After two days of enduring weather delays and seeking refuge from the rain and storms that had harassed the Rock on the Range festival grounds since Friday, the attendees gritted out one more gloomy day with a fest-closing headlining set by Metallica to look forward to and plenty of rock and metal throughout the day.

Day 3 of Rock on the Range called for another eclectic balance for the heavy music fan with As Lions hitting the stage earlier in the day. Singer Austin Dickinson, son of Iron Maiden's Bruce Dickinson, was charismatic onstage as the band was among the earliest highlights of Sunday's lineup in addition to Radkey and Dorothy, two other groups who ensured the crowd would remain lively regardless of how exhausted they may have been by this point.

The day got a bit heavier as Suicide Silence, Every Time I Die and Deafheaven represented the more extreme facets of the fest, all with a style radically different from each other. Suicide Silence are natural pit-starters as their breakdown-intensive sound saw plenty of fists and elbows whirling about, setting up Every Time I Die perfectly as their two-step-inducing attack saw the pit take a different approach. Deafheaven's dreamscape brand of black metal offered something unlike any other act over the weekend, surely winning over some new fans.

Up next were Rival Sons who spent most of last year opening for Black Sabbath, making it rather fitting that Zakk Sabbath, Zakk Wylde's Sabbath tribute band, came up after them. Father Zakk delivered the classics in style, giving way to two of the day's most frenetic acts, Nothing More and The Dillinger Escape Plan. It isn't a proper Dillinger set unless fans fear for the well-being of animalistic frontman Greg Puciato and he put himself in danger per usual, scaling the scaffolding along the side of the stage.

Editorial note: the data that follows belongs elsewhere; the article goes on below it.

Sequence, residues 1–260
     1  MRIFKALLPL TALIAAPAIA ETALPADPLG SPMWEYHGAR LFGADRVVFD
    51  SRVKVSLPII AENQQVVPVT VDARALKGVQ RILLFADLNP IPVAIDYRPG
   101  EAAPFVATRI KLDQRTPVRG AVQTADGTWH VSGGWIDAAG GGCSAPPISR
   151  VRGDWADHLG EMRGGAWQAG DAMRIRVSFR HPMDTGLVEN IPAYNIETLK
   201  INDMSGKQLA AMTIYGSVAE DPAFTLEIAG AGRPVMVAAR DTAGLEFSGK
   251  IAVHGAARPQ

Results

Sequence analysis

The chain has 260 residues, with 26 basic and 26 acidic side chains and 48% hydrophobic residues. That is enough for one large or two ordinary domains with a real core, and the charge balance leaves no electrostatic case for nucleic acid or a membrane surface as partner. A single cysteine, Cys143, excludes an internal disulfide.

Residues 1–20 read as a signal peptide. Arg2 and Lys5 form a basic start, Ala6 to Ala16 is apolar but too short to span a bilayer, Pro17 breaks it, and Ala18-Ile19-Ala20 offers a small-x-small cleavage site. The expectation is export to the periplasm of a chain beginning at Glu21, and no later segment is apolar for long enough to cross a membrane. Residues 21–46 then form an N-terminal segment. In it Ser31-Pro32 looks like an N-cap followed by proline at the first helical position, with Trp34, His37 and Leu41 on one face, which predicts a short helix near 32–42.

Amon Amarth sent the festival crowd back in time with their Viking-themed stage complete with a Norse ship. Their anthemic offerings may differ from those of the more radio-friendly Biffy Clyro, but the crowd held both bands on high regard, recognizing the power within the craft. The Pretty Reckless and Primus gave us two more highlights, especially with Taylor Momsen's emotional dedication to Chris Cornell. Then it came down to the last two performances of the night.

Volbeat, currently on tour with Metallica, fell victim to the weather as rain cleaved their set, leaving fans to wait an hour before they would return to the stage and deliver the final two songs in their performance. As they left, it was time for the biggest attraction of the weekend: Metallica.

The Bay Area legends played a full set thanks to an extended curfew once again permitted by the city for the third consecutive night. Metallica broke out four songs off Hardwired... To Self-Destruct, which would serve as the only post-'Black Album' material for the night. The group bombarded fans with classics like "Creeping Death," "The Unforgiven," "Harvester of Sorrow," "Whiplash, "Fade to Black" and more as well as the household hit "Enter Sandman," which closed out Metallica's set as well as the 2017 Rock on the Range festival.

Even with the dark shadow of Chris Cornell's death hanging over the entire festival, Rock on the Range demonstrated why it is one of the most successful and attended rock fests in the United States. Each day was plagued by weather, but credit the organizers for scrambling to get almost all of the sets in while looking out for the safety of the fans.

Check out our photos from Day 3 of Rock on the Range in the gallery above and we'll see you again at Rock on the Range next year!

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